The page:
Replication of the Scandinavian Simvastatin Survival Study using a primary care medical record database prompted exploration of a new method to address unmeasured confounding




To examine whether identifiable study characteristics and/or analytic methods used determine observational study validity, as assessed by replicating randomized controlled trials using observational data.


A cohort from the United Kingdom General Practice Research Database (GPRD) was used to replicate the Scandinavian Simvastatin Survival Study RCT, which investigated statin treatment of hypercholesterolemic subjects with coronary heart disease. All aspects of the RCT except randomization were replicated to the extent possible in the GPRD study, which included 2,871 Unexposed and 1,280 statin-treated Exposed subjects.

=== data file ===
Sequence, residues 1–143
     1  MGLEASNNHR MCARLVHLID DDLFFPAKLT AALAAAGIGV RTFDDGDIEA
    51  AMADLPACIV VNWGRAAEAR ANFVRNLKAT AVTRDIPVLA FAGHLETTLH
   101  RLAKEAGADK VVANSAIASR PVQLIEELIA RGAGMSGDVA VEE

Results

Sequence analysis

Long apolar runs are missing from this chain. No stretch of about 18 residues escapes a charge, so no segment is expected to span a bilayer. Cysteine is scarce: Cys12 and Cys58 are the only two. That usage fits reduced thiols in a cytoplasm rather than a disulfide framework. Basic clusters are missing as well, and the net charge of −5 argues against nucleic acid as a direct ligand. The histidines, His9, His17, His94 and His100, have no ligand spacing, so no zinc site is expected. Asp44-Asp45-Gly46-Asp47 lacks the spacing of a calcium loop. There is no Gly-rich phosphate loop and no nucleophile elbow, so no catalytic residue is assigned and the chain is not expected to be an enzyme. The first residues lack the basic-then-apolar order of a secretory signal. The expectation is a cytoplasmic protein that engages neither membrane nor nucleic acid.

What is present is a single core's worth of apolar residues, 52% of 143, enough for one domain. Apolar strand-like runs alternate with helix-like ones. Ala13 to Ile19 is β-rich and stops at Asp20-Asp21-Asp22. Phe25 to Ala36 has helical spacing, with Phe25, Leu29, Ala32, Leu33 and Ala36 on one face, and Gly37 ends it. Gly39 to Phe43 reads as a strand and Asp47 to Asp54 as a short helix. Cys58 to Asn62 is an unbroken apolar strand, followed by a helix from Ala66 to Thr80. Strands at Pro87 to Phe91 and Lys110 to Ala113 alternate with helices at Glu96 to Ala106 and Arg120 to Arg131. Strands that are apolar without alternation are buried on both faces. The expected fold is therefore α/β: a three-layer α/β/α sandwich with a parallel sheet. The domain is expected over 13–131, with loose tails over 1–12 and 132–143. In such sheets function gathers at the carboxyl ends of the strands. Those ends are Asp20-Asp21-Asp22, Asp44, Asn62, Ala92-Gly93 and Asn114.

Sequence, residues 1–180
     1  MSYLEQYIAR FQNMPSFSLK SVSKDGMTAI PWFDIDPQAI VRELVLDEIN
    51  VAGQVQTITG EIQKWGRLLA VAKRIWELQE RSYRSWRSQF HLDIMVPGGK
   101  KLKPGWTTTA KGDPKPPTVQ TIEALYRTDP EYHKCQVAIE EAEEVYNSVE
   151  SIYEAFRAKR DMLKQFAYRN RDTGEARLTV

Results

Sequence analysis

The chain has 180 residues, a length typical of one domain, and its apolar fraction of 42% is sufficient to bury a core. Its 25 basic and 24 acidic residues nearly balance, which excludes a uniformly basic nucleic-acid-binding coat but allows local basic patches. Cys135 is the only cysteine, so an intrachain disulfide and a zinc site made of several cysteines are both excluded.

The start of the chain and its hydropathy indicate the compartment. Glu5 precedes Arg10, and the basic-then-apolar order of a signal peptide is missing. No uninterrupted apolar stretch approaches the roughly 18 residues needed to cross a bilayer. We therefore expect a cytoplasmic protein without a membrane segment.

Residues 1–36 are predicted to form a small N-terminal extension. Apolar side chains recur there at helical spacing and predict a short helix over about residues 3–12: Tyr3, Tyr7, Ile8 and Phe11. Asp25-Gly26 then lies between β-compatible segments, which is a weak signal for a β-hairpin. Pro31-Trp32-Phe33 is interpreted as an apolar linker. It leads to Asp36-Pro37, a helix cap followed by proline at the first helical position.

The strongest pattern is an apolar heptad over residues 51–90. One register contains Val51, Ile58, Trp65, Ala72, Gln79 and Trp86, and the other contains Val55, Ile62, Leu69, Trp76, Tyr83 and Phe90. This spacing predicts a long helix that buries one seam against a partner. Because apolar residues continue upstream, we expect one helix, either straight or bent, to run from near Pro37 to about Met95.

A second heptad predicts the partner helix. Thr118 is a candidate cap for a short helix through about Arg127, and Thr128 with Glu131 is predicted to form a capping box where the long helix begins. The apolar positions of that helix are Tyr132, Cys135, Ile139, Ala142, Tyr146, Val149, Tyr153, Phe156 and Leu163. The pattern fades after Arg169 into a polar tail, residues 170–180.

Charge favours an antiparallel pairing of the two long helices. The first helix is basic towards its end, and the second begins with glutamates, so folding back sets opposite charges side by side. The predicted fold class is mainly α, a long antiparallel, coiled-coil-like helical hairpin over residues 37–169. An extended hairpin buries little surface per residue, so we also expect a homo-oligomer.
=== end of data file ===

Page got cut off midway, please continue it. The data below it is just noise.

Overall mortality [adjusted hazard ratio 0.71 (0.53–0.96)] and myocardial infarction [adjusted HR 0.79 (0.61–1.02)] decreased in the GPRD study similar to the RCT. Coronary revascularization increased two-fold in the GPRD study, whereas it decreased significantly in the RCT [0.63 (0.54–0.74)]. This latter disparity prompted use of a new methodology to adjust for unmeasured confounding, which yielded an adjusted HR [1.0 (0.75–1.33)] more comparable to the RCT.


This study provides additional evidence that a replicated GPRD observational study can yield results reasonably similar to a RCT. More important, it provides preliminary evidence suggesting that a new analytic methodology may adjust for unmeasured confounding, the major limitation to research using observational data. Copyright © 2008 John Wiley & Sons, Ltd.